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Intention: For Publication
Read/Write Permissions: Open Access
19.02.2013 - Christopher Dyer - Sci-Mate
Copyright is intended to protect actual descriptions (including instructional texts), explanations, tests, images, illustrations, and literary works. As the US Copyright Office points out: "these categories should be viewed broadly. For example, computer programs and most compilations may be registered as literary works; maps and architectural plans may be registered as pictorial, graphic, and sculptural works.” It must, however, be noted that while it is possible to protect the description, explanation, and illustration through copyright, it is not possible to claim exclusive use of an idea, procedure, method, system, process, concept, principle, discovery, or device itself. For example, if you write a new scientific protocol, you own this description, while allowing others to perform the actual process without them having to ask you specifically. However, if someone wishes to publish or use your copyright of the description they must ask your permission to do so.
Unlike patenting intellectual property, copyright:
1. Does not isolate ideas and technology from the broader research community;
2. Copyright is not static. While patents are limited to their first description, copyrighted material can be re-copyrighted each time additional knowledge is added to it;
3. Does not require excessive legal and burocratic processing;
4. Lasts the life-time of the contributing author (or group of authors) plus 70 years; and
5. Is FREE.
 Claiming Copyright
The following are annotated notes taken from the US Copyright Office website.
No publication or registration or other action in the Copyright Office is required to secure copyright. Copyright is secured automatically when the work is created, and a work is “created” when it is fixed in a copy or phonorecord for the first time. If a work is prepared over a period of time, the part of the work that is fixed on a particular date constitutes the created work as of that date.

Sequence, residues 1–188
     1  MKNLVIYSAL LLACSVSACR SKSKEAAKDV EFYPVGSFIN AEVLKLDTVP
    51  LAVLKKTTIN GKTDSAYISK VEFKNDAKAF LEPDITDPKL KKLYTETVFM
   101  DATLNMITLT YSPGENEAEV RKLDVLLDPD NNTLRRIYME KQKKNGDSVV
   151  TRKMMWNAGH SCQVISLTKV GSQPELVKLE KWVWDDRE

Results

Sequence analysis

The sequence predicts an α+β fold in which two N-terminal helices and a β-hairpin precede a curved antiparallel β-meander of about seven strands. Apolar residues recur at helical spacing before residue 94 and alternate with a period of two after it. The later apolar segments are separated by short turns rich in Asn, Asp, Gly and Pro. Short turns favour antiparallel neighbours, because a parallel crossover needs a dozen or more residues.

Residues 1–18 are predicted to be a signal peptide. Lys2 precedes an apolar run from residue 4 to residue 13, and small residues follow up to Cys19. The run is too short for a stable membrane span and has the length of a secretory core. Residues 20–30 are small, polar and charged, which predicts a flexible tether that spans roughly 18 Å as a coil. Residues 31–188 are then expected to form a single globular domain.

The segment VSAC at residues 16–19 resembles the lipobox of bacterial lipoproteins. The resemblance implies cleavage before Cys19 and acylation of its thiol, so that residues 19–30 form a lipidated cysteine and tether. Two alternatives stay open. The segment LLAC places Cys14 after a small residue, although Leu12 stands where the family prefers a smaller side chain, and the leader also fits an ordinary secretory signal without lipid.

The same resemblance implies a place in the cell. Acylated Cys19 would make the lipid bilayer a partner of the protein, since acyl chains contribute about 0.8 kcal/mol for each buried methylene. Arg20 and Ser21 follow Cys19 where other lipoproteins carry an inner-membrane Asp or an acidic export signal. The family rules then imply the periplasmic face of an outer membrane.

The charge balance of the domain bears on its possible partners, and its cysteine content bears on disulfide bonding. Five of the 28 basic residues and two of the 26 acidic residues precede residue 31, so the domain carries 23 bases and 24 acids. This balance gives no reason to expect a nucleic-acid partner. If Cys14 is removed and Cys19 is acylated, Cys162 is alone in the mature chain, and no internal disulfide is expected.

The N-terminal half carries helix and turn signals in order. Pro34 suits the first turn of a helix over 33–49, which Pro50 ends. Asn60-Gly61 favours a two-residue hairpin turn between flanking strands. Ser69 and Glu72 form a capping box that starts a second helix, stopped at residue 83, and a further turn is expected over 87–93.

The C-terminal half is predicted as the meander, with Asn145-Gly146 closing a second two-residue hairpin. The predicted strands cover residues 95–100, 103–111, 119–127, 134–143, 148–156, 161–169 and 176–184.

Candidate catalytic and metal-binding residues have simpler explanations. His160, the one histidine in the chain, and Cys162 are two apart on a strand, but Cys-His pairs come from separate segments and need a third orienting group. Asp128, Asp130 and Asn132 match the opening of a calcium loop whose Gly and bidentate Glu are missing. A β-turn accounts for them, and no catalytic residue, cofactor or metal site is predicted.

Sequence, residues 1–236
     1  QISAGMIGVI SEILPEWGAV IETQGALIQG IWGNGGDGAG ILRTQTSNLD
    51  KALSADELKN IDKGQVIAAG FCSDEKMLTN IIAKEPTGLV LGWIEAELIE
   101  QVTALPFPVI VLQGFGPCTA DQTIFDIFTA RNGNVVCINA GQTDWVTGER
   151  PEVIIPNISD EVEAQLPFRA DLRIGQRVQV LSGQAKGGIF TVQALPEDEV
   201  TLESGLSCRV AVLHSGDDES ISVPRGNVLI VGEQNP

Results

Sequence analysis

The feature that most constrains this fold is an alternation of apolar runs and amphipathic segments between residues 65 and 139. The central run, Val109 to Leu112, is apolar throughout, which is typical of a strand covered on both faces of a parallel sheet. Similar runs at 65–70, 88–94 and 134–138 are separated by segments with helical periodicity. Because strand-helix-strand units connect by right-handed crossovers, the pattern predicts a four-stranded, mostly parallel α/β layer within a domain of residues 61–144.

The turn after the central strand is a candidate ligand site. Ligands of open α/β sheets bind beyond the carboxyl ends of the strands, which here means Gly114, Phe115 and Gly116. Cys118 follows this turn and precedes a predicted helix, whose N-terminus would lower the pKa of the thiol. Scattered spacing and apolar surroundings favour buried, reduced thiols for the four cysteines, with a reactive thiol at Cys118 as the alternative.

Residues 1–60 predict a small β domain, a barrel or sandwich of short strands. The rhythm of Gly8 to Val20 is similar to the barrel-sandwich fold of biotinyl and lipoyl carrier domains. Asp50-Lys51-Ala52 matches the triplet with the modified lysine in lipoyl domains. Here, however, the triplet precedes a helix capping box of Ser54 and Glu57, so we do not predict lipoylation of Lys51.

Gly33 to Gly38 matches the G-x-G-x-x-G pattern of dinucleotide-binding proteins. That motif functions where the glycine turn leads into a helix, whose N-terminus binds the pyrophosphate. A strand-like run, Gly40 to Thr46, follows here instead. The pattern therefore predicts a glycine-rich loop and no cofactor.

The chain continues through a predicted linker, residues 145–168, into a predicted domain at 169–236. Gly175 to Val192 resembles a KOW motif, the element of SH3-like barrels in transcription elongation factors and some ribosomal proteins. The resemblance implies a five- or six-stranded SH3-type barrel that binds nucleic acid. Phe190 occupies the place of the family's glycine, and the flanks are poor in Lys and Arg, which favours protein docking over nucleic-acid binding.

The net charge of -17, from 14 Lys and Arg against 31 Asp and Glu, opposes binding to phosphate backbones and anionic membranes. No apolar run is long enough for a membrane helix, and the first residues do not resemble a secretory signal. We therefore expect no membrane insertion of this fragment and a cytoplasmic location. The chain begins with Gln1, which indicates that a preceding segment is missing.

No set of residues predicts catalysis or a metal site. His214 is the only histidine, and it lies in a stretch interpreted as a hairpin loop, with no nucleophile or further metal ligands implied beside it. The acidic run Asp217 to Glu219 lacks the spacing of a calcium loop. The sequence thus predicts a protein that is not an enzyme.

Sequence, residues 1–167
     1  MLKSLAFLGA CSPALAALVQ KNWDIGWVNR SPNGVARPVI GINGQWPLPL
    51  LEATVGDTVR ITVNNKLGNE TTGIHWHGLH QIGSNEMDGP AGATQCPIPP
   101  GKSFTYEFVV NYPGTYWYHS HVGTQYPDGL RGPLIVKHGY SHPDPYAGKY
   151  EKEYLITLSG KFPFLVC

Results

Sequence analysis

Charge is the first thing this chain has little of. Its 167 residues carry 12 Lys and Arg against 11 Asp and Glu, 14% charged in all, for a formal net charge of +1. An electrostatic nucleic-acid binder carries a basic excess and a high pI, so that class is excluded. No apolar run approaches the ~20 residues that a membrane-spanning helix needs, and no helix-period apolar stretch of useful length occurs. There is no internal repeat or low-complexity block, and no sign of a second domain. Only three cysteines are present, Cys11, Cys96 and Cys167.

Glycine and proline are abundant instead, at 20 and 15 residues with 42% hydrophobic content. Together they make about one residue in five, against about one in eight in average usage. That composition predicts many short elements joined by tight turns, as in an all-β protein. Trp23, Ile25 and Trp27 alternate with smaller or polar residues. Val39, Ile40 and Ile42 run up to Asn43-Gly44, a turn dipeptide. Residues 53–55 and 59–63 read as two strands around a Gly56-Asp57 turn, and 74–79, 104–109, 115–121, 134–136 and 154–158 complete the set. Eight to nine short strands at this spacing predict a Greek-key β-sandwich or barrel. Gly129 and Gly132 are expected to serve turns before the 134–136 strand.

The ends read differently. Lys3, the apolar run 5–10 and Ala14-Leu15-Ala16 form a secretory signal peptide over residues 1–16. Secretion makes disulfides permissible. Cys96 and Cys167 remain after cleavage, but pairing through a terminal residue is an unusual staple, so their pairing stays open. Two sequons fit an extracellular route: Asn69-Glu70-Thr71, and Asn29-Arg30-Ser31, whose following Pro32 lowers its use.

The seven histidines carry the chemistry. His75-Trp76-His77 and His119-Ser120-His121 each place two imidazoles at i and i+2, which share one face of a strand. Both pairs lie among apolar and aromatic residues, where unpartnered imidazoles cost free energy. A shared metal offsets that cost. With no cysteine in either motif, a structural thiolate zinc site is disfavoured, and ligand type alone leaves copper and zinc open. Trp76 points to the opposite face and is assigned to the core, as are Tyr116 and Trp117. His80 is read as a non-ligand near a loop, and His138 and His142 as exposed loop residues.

Publication is no longer the key to obtaining federal copyright as it was under the Copyright Act of 1909. However, publication remains important to copyright owners as it in many cases demonstrates originality and a date when it occured in a fixed form.
When a work is published, it may bear a notice of copyright to identify the year of publication and the name of the copyright owner and to inform the public that the work is protected by copyright. The use of a copyright notice is no longer required under U.S. law, although it is often beneficial. Use of the notice may be important because it informs the public that the work is protected by copyright, identifies the copyright owner, and shows the year of first publication. Furthermore, in the event that a work is infringed, if a proper notice of copyright appears on the published copy or copies to which a defendant in a copyright infringement suit had access, then no weight shall be given to such a defendant’s interposition of a defense based on innocent infringement in mitigation of actual or statutory damages, except as provided in section 504(c)(2) of the copyright law. Innocent infringement occurs when the infringer did not realize that the work was protected.
The use of the copyright notice is the responsibility of the copyright owner and does not require advance permission from, or registration with, the Copyright Office. The notice for visually perceptible copies should contain all the following three elements:
1. The symbol © (the letter C in a circle), or the word “Copyright,” or the abbreviation “Copr.”; and
2. The year of first publication of the work. In the case of compilations or derivative works incorporating previously published material, the year date of first publication of the compilation or derivative work is sufficient. The year date may be omitted where a pictorial, graphic, or sculptural work, with accompanying textual matter, if any, is reproduced in or on greeting cards, postcards, stationery, jewelry, dolls, toys, or any useful article; and
3. The name of the owner of copyright in the work, or an abbreviation by which the name can be recognized, or a generally known alternative designation of the owner.
Example: © 2006 John Doe
The “C in a circle” notice is used only on “visually perceptible copies.” Certain kinds of works—for example, musical, dramatic, and literary works—may be fixed not in “copies” but by means of sound in an audio recording. Since audio recordings such as audio tapes and phonograph disks are “phonorecords” and not “copies,” the “C in a circle” notice is not used to indicate protection of the underlying musical, dramatic, or literary work that is recorded.